Rep. Jason Chaffetz (R., Utah) and Sen. Joni Ernst (R., Iowa) on Wednesday said they will re-introduce the Presidential Allowance Modernization Act later this month to curb the pensions of former presidents if they take outside income that exceeds $400,000.
Chaffetz, the sponsor of the 2016 bill that was was vetoed by then-President Obama, and Ernst hope that President Trump will sign it after it was reported last month that Obama agreed to speak at a health care conference hosted by Wall Street firm Cantor Fitzgerald LP in September for $400,000, USA Today reported.
Chaffetz and Sen. Joni Ernst, the sponsor of the companion Senate bill, say they will re-introduce the Presidential Allowance Modernization Act this month. The bill would cap presidential pensions at $200,000, with another $200,000 for expenses. But those payments would be reduced dollar-for-dollar once their outside income exceeds $400,000.
The issue isn't a partisan one–or at least, it wasn't last year. The bill passed both the House and Senate with no opposition, and no veto threat had come from the White House.
So when Obama's veto came one Friday night last July–on the last day for him to sign or veto the legislation–it took lawmakers by surprise. It was the 11th of Obama's 12 vetoes.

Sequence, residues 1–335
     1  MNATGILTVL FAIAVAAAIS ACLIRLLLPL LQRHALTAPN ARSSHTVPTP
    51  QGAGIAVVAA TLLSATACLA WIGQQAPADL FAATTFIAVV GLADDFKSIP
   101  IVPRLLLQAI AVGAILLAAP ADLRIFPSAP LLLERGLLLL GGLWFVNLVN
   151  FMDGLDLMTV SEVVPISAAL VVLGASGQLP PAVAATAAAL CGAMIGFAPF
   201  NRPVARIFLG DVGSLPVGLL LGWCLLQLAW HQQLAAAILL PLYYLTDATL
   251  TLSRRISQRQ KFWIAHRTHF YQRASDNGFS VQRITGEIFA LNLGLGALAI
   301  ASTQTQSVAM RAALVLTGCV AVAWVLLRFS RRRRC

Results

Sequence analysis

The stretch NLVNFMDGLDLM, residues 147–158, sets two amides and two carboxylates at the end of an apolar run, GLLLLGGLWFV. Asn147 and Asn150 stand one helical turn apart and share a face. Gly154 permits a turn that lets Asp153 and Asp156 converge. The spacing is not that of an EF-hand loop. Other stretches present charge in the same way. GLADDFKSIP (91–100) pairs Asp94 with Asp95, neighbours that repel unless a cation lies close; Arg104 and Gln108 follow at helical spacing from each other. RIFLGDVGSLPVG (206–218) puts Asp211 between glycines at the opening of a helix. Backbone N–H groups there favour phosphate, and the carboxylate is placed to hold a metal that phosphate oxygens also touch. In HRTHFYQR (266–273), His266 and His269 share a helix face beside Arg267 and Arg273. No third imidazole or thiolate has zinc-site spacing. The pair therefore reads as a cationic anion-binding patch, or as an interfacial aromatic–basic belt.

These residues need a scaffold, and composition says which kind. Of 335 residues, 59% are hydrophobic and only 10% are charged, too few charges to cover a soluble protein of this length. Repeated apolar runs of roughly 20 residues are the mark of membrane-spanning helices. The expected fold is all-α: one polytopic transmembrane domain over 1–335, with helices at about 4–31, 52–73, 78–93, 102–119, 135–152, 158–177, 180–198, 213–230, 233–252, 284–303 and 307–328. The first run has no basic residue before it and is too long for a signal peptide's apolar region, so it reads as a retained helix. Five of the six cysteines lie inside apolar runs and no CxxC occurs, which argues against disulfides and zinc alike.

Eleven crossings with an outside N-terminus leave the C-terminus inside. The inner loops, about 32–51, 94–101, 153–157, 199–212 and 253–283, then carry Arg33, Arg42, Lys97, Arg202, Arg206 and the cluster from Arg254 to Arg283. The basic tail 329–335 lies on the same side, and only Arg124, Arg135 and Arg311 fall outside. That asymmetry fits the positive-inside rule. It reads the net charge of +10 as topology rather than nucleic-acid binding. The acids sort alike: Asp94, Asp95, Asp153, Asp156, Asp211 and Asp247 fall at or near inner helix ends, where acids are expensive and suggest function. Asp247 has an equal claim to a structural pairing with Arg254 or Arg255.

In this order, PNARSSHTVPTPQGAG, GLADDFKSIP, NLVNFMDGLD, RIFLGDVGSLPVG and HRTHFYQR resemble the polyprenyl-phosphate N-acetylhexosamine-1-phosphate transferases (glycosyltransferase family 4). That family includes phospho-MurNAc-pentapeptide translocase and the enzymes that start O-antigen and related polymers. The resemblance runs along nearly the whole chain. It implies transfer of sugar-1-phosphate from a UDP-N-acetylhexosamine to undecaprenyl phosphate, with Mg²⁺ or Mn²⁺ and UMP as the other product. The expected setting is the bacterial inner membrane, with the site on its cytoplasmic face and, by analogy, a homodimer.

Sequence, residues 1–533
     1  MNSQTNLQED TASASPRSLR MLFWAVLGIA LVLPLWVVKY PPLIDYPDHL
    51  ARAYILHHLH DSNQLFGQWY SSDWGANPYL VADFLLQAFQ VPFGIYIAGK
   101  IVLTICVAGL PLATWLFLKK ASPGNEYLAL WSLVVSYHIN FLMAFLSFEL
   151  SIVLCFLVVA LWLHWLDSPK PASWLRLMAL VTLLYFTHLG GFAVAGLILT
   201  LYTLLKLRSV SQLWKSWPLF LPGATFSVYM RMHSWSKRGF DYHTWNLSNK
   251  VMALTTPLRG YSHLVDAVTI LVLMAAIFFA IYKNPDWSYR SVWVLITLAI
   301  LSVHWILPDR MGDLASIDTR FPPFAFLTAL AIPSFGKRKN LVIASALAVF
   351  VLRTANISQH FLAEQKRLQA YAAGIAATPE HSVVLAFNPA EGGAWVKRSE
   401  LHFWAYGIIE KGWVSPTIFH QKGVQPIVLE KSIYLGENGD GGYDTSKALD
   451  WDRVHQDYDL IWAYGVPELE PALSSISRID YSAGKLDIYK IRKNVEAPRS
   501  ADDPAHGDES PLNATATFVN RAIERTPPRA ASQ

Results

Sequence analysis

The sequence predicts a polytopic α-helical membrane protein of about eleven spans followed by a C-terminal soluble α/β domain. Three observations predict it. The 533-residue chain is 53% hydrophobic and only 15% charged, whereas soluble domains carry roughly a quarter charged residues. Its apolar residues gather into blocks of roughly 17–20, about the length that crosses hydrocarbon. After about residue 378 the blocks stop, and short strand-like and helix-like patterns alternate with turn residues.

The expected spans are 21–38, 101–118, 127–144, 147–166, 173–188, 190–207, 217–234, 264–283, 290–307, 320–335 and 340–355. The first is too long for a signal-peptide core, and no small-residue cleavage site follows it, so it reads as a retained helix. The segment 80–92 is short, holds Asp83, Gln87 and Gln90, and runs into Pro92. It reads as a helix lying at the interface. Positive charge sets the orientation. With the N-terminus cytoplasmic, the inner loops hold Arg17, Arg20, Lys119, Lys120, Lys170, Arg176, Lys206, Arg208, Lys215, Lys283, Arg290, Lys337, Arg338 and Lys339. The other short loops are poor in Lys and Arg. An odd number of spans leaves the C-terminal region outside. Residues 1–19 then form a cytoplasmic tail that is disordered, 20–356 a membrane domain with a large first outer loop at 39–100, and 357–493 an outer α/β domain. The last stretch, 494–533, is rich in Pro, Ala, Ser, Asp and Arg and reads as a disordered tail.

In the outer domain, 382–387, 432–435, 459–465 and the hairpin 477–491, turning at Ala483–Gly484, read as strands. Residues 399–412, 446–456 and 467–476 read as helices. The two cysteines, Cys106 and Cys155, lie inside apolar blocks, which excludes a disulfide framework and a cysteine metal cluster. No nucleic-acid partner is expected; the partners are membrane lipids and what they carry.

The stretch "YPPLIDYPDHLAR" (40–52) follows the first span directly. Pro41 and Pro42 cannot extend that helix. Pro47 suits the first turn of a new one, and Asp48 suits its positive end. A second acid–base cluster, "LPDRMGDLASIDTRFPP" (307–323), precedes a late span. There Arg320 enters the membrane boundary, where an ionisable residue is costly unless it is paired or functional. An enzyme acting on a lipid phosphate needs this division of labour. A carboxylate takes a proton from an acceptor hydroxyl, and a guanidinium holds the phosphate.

"The Obama hypocrisy on this issue is revealing," said Chaffetz, chairman of the House Oversight and Government Reform Committee. "His veto was very self-serving."
At the time of the veto, Obama argued that the bill would have "unintended consequences" and "impose onerous and unreasonable burdens" on former presidents, which would require them to lay off staff.
Republicans did not try to override Obama's veto of the bill in July, which would have required a two-thirds majority in the House and Senate.
Democrats say they will not necessarily oppose the bill now, according to USA Today.
Rep. Elijah Cummings (D., Md.), the top Democrat on Chaffetz's committee, was a co-sponsor of the original bill. "Cummings definitely supports the concept, and if we can work out the technical issues with the bill that arose late in the last Congress, we expect he would strongly support it again," said spokeswoman Jennifer Hoffman Werner.
Trump has not taken a position on the legislation. But during the campaign, he said he'd take a close look at pensions for elected officials–especially members of Congress.
"The first thing I'm going to do is tell you that if I'm elected president, I'm accepting no salary, OK?" Trump said at a town hall in 2015. "They get benefits that nobody else can even think about, OK. And they don't like to talk about it. But we'll work on that."
Obama's spokesman, Kevin Lewis, said that Obama had no comment on the proposed legislation, according to USA Today.
Obama has already shown he has considerable potential to raise money in his post-presidential career. He and his wife Michelle have signed a publishing deal for two separate books, which the Financial Times reported was worth at least $65 million. And the Wall Street speech–a health care conference planned by investment firm Cantor Fitzgerald in September–will reportedly net him another $400,000.
"President Obama will deliver speeches from time to time," said Eric Schultz, a former White House spokesman who still advises Obama. "Some of those speeches will be paid, some will be unpaid, and regardless of venue or sponsor, President Obama will be true to his values, his vision, and his record."